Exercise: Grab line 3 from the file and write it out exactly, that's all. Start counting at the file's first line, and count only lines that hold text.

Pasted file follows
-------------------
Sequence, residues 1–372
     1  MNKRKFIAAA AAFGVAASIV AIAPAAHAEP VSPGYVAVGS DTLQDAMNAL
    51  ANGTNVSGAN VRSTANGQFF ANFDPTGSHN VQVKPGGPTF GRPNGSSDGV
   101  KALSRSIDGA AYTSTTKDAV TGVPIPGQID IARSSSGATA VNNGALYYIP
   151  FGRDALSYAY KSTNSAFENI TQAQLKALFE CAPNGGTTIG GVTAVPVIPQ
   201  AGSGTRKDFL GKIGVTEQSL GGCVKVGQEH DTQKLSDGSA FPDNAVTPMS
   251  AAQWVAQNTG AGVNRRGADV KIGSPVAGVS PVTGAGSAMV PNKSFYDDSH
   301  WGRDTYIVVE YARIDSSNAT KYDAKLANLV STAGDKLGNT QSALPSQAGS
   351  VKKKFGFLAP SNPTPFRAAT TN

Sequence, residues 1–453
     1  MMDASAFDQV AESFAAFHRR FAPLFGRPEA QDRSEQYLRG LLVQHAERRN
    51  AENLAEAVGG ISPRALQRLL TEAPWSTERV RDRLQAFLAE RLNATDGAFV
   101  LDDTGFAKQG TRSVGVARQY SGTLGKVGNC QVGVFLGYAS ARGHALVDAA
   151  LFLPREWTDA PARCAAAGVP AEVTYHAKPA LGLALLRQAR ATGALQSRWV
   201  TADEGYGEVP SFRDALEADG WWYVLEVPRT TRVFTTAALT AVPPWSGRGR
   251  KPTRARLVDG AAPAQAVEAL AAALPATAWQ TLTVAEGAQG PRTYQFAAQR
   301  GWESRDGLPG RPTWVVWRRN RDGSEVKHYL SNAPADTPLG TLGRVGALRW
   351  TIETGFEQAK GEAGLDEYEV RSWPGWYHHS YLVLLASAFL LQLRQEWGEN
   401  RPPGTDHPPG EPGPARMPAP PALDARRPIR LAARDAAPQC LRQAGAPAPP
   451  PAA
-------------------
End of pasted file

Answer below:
    51  ANGTNVSGAN VRSTANGQFF ANFDPTGSHN VQVKPGGPTF GRPNGSSDGV